Each year The North Meridian Review publishes a special, guest edited issue of the journal. For our second year the theme is “Politics and Culture: Exploring the Connections Between Social Movements and the Arts,” and will be edited by Harry Targ. Professor Targ is a recently retired Professor of Political Science who has written and taught on international relations, foreign policy, labor movements, and peace. He has a long-standing interest in folk music, proletarian literature, painters as social critics, and Marxist aesthetics.
The theme of this year’s special volume will examine how social movements interact with the arts. Although social movement research often includes analyses of competing group interests, collective behavior, organizational capacities, and rational choices, less attention has been given to the inextricable connections between culture, broadly defined, and the creation and mobilization of such movements. This is despite the history which shows how music, painting, poetry, drama, fiction, and crafted lectures have inspired and mobilized masses of people to fight for their rights. Such has been the case in struggles for worker rights, civil rights, peace, and justice.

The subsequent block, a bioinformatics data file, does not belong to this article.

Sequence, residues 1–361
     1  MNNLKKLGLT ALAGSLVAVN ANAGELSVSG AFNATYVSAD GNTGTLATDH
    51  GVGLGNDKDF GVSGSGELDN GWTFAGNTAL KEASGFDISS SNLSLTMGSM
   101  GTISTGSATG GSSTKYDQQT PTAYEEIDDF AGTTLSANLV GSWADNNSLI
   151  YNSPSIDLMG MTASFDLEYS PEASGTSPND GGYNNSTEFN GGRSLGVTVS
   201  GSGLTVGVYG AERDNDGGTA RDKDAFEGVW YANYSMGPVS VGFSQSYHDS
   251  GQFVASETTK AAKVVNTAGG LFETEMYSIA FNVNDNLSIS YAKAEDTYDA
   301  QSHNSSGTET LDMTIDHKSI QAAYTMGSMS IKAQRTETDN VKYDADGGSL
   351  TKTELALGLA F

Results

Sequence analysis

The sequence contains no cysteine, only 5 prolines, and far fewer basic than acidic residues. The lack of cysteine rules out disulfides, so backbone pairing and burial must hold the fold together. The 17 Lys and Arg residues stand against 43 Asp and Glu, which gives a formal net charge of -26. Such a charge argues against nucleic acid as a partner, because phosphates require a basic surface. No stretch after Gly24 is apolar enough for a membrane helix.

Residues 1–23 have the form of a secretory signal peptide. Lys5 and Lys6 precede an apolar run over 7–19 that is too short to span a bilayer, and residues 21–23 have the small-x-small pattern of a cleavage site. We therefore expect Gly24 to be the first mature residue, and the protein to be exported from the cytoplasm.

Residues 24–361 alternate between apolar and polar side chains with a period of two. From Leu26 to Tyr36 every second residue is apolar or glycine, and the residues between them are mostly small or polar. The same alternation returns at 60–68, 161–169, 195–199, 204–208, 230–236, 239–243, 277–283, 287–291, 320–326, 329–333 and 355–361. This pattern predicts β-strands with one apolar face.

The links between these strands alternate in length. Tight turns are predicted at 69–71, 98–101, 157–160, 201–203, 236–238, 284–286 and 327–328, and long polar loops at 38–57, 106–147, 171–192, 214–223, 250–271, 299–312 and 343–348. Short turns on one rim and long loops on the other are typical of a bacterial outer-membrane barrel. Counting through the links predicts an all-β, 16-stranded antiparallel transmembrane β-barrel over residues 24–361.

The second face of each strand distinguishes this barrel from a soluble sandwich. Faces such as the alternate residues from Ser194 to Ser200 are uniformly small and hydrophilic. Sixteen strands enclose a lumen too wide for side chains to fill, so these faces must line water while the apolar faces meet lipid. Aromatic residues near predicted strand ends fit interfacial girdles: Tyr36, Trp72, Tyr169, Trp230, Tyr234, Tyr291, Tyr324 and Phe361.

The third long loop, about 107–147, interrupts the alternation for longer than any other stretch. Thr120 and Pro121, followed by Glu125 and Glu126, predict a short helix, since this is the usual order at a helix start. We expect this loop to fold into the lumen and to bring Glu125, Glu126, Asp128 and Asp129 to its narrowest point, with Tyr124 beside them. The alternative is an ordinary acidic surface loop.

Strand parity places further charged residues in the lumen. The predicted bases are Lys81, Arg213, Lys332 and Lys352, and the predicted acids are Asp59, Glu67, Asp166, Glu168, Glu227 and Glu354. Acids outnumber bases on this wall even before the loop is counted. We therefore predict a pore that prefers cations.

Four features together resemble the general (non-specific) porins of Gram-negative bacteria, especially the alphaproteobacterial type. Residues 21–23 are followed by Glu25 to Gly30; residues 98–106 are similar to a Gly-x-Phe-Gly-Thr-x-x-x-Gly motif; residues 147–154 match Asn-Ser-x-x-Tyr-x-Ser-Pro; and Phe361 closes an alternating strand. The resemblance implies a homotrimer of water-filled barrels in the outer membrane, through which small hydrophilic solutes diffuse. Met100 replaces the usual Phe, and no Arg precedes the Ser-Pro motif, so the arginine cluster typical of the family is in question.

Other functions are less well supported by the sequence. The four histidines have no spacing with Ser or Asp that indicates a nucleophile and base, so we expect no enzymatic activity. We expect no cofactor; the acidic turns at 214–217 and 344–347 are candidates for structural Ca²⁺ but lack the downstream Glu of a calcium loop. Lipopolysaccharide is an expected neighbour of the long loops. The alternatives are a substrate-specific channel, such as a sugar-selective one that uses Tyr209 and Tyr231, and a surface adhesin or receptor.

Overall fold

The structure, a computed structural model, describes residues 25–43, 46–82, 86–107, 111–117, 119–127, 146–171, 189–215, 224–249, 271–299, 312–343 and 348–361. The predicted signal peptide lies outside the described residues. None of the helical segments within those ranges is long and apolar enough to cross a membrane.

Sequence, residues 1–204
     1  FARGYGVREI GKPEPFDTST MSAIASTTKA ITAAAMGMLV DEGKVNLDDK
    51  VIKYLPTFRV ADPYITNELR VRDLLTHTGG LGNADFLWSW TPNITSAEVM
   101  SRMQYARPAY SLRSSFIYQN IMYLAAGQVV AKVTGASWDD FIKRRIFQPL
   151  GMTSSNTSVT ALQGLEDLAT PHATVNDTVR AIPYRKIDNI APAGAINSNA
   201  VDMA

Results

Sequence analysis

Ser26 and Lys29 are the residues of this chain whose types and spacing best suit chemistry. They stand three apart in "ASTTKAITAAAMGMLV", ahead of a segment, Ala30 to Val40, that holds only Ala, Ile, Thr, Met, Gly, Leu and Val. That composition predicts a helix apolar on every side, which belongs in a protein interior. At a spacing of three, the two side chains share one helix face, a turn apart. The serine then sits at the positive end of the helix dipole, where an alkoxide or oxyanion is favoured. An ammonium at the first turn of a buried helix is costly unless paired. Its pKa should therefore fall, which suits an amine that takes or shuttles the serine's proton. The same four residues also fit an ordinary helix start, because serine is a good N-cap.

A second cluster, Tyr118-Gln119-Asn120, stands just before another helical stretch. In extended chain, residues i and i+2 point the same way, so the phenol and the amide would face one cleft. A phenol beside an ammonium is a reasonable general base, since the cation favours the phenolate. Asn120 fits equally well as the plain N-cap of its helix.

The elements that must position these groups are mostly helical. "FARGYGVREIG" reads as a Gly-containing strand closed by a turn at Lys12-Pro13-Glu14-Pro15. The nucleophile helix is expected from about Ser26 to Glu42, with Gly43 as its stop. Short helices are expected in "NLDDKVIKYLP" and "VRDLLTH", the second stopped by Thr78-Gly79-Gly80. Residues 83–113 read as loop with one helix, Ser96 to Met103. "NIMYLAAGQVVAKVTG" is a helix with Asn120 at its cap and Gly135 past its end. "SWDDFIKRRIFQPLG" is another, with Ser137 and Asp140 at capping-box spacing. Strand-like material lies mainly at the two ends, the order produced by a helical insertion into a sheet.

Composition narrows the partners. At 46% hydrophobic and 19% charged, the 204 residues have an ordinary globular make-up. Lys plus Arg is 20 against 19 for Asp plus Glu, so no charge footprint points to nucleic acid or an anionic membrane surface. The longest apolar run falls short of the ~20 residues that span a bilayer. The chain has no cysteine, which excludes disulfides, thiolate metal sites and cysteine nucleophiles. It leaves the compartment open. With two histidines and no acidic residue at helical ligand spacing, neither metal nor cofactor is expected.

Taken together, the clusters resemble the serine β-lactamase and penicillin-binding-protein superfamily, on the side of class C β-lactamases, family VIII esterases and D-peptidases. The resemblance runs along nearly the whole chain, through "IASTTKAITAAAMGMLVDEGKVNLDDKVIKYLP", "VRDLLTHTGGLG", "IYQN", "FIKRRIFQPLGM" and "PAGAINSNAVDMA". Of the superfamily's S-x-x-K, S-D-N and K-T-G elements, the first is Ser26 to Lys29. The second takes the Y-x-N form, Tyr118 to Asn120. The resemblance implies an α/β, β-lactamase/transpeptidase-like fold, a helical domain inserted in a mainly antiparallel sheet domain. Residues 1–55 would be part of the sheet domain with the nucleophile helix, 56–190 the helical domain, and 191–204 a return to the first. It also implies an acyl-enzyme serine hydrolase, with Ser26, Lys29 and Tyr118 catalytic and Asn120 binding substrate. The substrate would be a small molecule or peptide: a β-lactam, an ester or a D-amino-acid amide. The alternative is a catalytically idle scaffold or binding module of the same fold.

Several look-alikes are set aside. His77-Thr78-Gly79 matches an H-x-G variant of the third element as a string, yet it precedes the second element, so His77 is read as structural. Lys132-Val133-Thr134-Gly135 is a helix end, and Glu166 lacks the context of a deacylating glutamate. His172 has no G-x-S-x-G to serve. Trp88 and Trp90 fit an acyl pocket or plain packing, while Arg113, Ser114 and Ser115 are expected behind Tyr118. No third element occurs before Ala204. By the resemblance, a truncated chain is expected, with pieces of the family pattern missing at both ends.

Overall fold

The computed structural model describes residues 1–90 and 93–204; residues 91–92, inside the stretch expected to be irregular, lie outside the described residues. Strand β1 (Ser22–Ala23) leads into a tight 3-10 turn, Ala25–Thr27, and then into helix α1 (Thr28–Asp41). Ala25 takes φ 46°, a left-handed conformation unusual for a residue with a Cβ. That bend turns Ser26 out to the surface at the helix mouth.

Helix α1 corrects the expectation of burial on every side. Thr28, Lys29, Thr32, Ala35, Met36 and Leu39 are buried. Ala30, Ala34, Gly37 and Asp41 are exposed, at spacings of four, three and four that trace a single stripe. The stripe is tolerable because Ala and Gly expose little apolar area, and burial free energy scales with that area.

This collection of the North Meridian Review will explore through scholarship and art the ways in which social movements have been informed and shaped by products of culture. We seek articles, essays, poetry, and art that apply analysis from a humanistic, historical, and social scientific method to the topic of social movements. Possible topics include, but are not limited to:
- How different art forms connect with and are used by political activists.
- The political significance of certain cultural artists, such as Paul Robeson, Pete Seeger, Frida Kahlo, or Dorothea Lange.
- The political significance of arts programs such as the Federal Theatre Project of the 1930s.
- The significance of mass movements and public performance such as Woodstock.
- How social scientists have reshaped social movement theory in the light of performative political culture.
Submission Deadline: December 1, 2020.
Author Acceptance Notifications: February 14, 2021.
Publication: September, 2021.
- Scholarly works should be 5,000-10,000 words in length and adhere to University of Chicago Style (17th ed.). Include a brief (2-3 pages) CV.
- Personal and creative nonfiction essays should be 1,000-5,000 words in length. Include a brief bio in the body of the email.
- Poetry submissions should be 1-5 pages in length. Include a brief bio in the body of the email.
- Art pieces ideally should be in black and white and between 3-6 submissions. Include a brief bio in the body of the email.
Wesley R. Bishop